On the matter of revoking the security clearances of certain senior government officials after they’ve left office—the Trump administration’s thinking about doing that with former CIA Director John Brennan, former FBI Director James Comey, et al., and the associated flap come to mind—former Deputy State Department spokesman Adam Ereli has a point. Such a move would ring alarm bells, and one alleged motive for doing so raises this problem identified by Ereli:
I think that we’re going down a slippery slope. Who’s to decide what’s political and what’s not political?
He’s right. However, the wrong motive does not make the move wrong. These folks are no longer employees of the Federal government, and so they no longer have the need to know that is one of only two Critical Items in granting a security clearance. Nor should they have access to classified material—the other Critical Item in granting a clearance.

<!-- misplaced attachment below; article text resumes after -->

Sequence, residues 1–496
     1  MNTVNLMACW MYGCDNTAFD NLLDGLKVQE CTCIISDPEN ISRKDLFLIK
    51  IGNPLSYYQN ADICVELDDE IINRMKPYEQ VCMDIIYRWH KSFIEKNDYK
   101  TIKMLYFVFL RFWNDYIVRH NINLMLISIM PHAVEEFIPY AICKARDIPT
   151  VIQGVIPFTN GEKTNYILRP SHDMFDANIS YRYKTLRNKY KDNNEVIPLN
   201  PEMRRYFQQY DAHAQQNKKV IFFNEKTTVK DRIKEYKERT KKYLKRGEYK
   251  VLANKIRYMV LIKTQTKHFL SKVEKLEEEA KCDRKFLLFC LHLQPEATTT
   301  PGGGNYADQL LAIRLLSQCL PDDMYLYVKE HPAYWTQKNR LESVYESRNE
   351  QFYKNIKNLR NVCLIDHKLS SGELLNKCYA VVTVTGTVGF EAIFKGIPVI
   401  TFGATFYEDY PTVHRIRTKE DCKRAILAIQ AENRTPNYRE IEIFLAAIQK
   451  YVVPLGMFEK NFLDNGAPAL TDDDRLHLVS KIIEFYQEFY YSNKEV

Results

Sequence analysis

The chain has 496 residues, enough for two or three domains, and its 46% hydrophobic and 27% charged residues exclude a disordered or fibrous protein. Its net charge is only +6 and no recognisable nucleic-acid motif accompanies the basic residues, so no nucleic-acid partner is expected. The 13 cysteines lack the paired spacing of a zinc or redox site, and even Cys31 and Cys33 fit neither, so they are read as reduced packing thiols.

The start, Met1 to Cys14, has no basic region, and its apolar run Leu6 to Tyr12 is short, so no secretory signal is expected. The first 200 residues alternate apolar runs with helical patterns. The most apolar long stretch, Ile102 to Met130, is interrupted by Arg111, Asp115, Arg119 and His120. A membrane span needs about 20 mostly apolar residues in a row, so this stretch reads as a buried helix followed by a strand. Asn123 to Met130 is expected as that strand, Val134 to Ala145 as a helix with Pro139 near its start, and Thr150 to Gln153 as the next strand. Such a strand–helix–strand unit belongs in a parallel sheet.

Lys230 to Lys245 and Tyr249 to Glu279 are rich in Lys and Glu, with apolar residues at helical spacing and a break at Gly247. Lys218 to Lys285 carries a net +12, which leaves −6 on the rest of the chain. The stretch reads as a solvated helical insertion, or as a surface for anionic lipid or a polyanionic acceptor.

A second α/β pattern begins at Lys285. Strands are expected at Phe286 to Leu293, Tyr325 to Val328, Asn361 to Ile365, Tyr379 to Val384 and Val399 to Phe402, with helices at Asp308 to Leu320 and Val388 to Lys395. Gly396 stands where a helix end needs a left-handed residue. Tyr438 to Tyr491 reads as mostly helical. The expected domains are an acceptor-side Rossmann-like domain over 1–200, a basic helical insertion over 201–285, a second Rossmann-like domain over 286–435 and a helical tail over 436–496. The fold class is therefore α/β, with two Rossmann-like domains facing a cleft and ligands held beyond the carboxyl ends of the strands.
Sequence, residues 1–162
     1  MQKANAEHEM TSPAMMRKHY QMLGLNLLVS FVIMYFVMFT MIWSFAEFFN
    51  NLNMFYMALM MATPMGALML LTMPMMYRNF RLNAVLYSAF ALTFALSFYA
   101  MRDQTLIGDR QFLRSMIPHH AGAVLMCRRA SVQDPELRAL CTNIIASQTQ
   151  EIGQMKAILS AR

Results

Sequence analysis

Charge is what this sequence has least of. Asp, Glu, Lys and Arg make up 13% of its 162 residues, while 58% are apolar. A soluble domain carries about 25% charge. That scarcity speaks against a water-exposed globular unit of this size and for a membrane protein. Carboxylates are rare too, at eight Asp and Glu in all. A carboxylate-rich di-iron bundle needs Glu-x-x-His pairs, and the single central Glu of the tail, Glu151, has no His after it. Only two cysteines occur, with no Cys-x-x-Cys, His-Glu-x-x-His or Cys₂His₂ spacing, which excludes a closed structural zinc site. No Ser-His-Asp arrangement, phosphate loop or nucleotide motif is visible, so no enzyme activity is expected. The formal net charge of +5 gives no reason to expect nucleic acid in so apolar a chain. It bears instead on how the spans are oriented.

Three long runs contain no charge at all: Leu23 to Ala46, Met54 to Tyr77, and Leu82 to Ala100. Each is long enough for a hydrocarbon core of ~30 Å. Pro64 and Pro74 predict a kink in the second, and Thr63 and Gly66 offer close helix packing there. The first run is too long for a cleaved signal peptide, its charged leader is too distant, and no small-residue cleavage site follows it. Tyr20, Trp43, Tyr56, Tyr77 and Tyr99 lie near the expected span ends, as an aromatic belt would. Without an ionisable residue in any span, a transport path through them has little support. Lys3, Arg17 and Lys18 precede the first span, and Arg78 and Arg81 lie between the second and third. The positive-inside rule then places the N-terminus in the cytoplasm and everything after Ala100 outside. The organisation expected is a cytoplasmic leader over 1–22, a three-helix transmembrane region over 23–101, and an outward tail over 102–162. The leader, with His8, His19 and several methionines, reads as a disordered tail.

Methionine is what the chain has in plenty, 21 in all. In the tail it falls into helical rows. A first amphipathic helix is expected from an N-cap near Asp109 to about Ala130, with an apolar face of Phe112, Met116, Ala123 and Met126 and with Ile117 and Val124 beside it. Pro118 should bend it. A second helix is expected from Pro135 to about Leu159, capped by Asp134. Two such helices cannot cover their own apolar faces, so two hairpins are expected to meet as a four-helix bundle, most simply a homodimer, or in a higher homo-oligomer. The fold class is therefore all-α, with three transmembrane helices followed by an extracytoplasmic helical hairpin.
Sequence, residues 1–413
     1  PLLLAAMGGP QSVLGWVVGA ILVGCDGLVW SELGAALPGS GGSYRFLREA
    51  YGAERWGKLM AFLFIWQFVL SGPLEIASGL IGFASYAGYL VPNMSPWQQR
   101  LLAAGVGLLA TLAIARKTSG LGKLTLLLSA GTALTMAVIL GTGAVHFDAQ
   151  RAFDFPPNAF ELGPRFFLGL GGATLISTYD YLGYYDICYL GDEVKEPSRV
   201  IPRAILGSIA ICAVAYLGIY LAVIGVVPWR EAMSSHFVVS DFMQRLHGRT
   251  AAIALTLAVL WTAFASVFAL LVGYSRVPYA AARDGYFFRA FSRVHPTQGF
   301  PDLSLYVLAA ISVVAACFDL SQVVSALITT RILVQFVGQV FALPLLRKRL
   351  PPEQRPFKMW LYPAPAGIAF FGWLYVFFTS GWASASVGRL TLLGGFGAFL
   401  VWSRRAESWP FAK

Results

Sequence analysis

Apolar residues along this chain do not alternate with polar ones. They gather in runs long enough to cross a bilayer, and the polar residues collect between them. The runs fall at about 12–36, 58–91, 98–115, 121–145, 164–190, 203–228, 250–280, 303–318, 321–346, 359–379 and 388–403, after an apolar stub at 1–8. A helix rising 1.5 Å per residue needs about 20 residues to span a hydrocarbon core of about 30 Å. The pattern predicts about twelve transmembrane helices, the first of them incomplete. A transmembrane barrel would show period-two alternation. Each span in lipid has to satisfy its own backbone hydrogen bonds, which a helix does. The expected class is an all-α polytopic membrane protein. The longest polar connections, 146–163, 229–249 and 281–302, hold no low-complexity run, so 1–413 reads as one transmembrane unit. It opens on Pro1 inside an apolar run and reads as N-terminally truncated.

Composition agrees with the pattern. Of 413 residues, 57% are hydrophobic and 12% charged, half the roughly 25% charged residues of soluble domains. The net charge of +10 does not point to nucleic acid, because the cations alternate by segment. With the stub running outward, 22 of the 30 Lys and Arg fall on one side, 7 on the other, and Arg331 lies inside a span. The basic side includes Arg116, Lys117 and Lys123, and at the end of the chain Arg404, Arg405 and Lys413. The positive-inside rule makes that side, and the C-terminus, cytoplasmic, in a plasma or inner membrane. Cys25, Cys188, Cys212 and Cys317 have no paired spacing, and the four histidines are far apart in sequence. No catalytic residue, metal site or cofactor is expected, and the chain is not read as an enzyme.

The right answer here is a blanket one. All persons, on leaving government employ, should have their security clearances completely revoked; they should not have any security clearance at all. If government needs to consult a particular individual—a senior official, like an ex-CIA Director, for instance—on a particular matter, it’s perfectly straightforward to (re)vet such an individual and grant him the clearance regarding that item which he needs in order to advise effectively on it. The vetting and granting process could streamlined further by putting in place protocols optimized for just such a situation with just such a set of ex-senior government persons.
Similarly, it would be easy enough to grant, under the same protocols, limited clearances of limited duration to ex-Presidents so they can assemble their Presidential libraries.